International Test of English Proficiency (iTEP) is a measure of English proficiency of non-English speakers. Test results are accepted by more than 600 institutes, including the public university system of California State University. iTEP has test centres in more than 40 countries and is also used by enterprises and government departments. Many large public colleges in Canada recognize iTEP as a language assessment, and Sheridan College is one of them. Here, a student accepted conditionally atSheridan College shares his experience of taking the iTEP and saying goodbye his language preparatory program. (Author: Hu Yuchen, Sheridan College, freshman, May 2020).

Here, a student accepted conditionally at Sheridan College shares his experience of taking the iTEP and saying goodbye his language preparatory program. (Author: Hu Yuchen, Sheridan College, freshman, May 2020).

If you plan to apply to a Canadian college in May/September 2020 or January 2021, contact us at any time. Ourcontact us. Our&nbspeducation consultantswill provide you with free, professional application consultation and other services with our experience of solving more than 1,000 application cases each year.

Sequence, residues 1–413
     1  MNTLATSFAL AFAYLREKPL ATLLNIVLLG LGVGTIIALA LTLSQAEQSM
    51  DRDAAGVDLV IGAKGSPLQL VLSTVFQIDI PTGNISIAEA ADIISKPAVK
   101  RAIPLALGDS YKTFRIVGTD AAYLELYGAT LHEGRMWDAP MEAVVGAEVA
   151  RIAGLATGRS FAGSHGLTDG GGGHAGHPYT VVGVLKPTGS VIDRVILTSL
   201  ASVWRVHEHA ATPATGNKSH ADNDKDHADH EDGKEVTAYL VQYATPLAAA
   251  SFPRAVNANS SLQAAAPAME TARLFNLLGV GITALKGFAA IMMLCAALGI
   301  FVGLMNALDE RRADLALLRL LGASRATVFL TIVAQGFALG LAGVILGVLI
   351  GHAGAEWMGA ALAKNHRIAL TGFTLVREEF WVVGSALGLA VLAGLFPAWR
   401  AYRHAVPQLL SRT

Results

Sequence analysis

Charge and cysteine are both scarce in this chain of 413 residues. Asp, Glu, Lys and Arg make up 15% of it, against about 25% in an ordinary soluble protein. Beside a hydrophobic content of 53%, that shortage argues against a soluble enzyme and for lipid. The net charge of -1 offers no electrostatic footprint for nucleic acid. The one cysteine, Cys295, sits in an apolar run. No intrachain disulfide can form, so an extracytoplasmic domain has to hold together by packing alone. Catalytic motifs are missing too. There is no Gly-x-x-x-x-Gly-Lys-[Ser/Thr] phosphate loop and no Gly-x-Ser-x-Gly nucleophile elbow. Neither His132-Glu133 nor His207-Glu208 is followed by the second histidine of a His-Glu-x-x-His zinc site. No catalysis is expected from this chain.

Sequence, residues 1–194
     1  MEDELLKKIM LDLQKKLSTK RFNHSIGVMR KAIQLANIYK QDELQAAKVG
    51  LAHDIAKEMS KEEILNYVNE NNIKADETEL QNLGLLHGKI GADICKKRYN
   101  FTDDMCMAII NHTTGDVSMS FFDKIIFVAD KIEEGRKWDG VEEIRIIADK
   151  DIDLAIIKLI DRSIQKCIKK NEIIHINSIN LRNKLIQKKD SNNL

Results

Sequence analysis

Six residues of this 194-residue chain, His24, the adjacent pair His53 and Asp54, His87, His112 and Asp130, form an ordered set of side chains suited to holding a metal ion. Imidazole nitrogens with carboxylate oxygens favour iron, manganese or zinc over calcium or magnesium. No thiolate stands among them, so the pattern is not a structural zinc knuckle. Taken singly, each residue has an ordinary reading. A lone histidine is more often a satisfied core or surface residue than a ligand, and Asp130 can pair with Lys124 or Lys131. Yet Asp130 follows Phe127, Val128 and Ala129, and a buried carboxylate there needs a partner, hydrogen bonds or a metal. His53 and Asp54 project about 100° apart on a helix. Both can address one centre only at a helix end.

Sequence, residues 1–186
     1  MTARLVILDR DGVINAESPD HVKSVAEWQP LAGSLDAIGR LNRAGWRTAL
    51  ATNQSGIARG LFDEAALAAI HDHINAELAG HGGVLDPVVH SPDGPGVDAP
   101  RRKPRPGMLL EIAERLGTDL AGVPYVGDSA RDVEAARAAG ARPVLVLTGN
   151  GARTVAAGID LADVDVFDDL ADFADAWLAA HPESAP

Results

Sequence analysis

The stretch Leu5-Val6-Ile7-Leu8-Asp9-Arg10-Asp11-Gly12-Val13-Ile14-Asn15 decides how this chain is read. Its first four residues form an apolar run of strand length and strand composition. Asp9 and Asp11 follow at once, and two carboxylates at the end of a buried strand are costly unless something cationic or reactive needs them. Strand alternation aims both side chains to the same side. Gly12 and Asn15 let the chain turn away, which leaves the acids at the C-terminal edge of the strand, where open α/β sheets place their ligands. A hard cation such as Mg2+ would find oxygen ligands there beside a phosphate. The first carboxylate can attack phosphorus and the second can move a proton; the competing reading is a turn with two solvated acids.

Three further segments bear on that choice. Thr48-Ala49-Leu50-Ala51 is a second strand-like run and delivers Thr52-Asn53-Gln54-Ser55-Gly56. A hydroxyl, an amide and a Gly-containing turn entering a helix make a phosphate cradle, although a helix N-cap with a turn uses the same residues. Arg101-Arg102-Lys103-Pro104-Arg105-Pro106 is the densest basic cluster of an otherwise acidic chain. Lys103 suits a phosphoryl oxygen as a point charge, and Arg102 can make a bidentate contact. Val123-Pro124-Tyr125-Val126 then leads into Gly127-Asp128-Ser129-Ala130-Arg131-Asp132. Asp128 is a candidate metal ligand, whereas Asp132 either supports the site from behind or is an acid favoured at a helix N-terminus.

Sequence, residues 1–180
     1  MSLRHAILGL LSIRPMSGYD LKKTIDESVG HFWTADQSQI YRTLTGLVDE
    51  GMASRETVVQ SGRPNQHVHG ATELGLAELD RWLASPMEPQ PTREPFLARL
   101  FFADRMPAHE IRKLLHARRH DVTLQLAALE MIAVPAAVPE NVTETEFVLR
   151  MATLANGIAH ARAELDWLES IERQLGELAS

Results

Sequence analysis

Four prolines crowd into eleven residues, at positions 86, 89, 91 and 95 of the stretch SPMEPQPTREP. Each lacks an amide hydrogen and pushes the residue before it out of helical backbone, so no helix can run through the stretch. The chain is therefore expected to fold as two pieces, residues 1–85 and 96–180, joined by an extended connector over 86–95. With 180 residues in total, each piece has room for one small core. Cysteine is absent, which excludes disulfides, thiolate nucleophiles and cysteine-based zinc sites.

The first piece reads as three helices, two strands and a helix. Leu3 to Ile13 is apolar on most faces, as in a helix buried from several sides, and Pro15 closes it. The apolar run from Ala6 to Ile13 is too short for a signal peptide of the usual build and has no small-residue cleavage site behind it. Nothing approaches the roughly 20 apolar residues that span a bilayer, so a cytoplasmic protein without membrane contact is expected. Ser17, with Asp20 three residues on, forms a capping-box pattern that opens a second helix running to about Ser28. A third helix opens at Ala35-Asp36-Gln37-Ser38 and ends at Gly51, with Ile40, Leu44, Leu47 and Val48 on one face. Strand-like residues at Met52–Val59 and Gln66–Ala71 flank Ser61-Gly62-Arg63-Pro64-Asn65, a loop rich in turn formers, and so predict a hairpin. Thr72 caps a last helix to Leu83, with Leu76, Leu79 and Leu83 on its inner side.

My personal background and experience

I do not lack experience in taking tests, but writing about my experience is a first. So, bear with me.

Hello, everyone! I am an art graduate and I completed my undergrad two years ago. In 2018, I applied for a Sheridan post-graduate program with an IELTS Band 6.0. I didn’t get accepted into their language preparatory program, so I had to get a job while waiting for an extra year. This year was my second chance. With an IELTS Band 6.5 (and a writing score of 5.5), I received a conditional offer in February. I was required to either take a language course before July to pass the EPA test or submit a new IELTS score (Band 6, with a minimum of 6.0 in each section). I am the guy who has been tormented by IELTS four times, so I was prepared to take the language course. After all, spending an extra 4 months living abroad is not a great loss.